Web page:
Some good news for you today.

Over the last few weeks, I’ve been following some of the efforts to find a drug to treat the coronavirus, now being called Sars-CoV-2.

And there has been some impressive progress (and potential investment opportunities too).

1. Vaccine hits human trials

The priority is still to find a vaccine: which could take a year.

About 35 companies and academic institutions are racing to create a vaccine at the moment, at least four of which already have candidates they have been testing in animals.

The first of these – produced by Boston-based biotech firm Moderna (NASDAQ: MRNA) is now entering human trials.

Anthony Fauci, the institute’s director, said that just three months between discovery and trials was a new record, noting that “nothing has ever gone that fast”.

But it’s not likely to be ready for market until later this year.

I’ll keep you updated on that story.

2. Remdesivir works on first patient in US

Meanwhile a second line of attack is to find an existing drug that will work on the virus: and there has been some progress there too.

Last week a huge group of scientists, led by the University of California, had a breakthrough by testing an unusual new approach.

They had been looking for a way to track the way the virus interacts with our cells.

And they found a series of proteins – about 400 – in our cells that the virus depends on to thrive and reproduce.

By “mapping” these proteins, the scientists reckon they find an existing drug that could interfere with its growth.

The team produced a list of 50 existing drugs that may be effective in treating the virus.

These are drugs that have already been approved by the FDA – mostly to treat cancer.

And they are now working to find the ideal candidate.

One of the top candidates is remdesivir, which was apparently successful when used to treat the US’s first patient.

This is a drug that has already been tested as a candidate for treating ebola and MERS.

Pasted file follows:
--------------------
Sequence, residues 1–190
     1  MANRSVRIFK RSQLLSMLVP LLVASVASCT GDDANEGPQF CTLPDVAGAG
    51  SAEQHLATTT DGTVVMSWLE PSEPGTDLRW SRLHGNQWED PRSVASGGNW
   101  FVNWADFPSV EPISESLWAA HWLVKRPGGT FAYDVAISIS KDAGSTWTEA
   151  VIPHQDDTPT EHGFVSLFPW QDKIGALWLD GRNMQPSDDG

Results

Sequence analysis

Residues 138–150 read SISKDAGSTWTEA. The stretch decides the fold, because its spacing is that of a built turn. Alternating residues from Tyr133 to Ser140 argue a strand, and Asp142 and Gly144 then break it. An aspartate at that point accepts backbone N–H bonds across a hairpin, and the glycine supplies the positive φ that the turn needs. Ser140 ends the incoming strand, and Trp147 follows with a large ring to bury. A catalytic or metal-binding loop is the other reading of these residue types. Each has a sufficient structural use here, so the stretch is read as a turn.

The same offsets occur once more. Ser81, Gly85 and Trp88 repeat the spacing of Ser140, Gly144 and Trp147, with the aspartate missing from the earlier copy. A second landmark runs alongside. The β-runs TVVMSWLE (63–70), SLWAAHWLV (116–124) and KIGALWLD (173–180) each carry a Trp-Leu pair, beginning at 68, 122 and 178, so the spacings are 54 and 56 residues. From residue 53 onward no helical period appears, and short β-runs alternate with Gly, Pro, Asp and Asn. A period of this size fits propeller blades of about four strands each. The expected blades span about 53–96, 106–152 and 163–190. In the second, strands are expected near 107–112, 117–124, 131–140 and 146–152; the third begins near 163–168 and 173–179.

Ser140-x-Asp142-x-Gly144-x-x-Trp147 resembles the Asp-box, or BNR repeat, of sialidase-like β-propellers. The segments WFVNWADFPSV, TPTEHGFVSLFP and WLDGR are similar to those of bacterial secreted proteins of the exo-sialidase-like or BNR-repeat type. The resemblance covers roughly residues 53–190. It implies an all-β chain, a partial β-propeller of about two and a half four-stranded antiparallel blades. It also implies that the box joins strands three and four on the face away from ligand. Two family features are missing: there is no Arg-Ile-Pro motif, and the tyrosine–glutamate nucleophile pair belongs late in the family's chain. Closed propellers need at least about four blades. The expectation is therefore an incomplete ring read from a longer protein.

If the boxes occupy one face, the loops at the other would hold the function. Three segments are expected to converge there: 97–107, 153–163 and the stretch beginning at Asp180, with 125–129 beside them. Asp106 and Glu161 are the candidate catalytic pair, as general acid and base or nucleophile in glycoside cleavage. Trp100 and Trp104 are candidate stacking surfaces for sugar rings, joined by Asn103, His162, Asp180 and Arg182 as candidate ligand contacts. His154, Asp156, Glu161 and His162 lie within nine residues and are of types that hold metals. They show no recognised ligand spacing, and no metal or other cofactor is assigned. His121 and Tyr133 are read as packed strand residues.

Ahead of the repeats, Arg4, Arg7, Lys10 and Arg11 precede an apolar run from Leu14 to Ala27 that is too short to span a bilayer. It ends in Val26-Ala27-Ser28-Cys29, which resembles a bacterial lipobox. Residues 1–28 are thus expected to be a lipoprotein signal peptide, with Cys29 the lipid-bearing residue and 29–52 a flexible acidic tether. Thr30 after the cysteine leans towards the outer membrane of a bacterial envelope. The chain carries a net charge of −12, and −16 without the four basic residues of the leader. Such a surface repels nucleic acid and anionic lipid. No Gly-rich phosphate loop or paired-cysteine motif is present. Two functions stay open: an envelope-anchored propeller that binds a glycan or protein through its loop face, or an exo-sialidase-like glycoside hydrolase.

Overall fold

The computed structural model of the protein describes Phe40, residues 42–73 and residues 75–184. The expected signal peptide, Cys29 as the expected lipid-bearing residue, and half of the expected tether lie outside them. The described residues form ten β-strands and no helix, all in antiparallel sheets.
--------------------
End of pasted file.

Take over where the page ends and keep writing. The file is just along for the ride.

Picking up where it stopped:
Remdesivir is now the subject of a few randomised controlled trials, and the manufacturer, Gilead Sciences (Nasdaq: GILD) is already ramping up production.

3. Antibodies could be the fastest solution

But there is another promising area of research that I want to tell you about today: antibodies.

Antibodies are proteins produced by the immune system in response to infections.

They are agents of the body’s natural defence system.

For example if you contract the SARS-COV-2 virus, your immune system will immediately start sending armies of antibodies to fight the virus.

These antibodies build up for around eight days.

And once there is sufficient number, they can prevent Sars-CoV-2 from spreading through your cells, allowing you to build up immunity.
In fact these proteins will swirl in your blood for months.

That’s why in Shanghai, doctors have been taking blood from recovered patients and giving plasma infusions to critically ill patients.

And doctors in the US have started doing the same.

Right now, Dr. Eric Salazar at Houston Methodist Hospital is supervising an experiment which gave transfused plasma to two critically-ill patients.

And Dr. Nicole Bouvier and her team at New York’s Mount Sinai are using the same treatment.

According to Dr. Bouvier said, “We have some idea, partially from the 1918 influenza epidemic, that taking blood plasma from one person and giving it to another actually may improve outcomes.”
What you are essentially doing is giving the new victim’s immune system a boost of antibodies.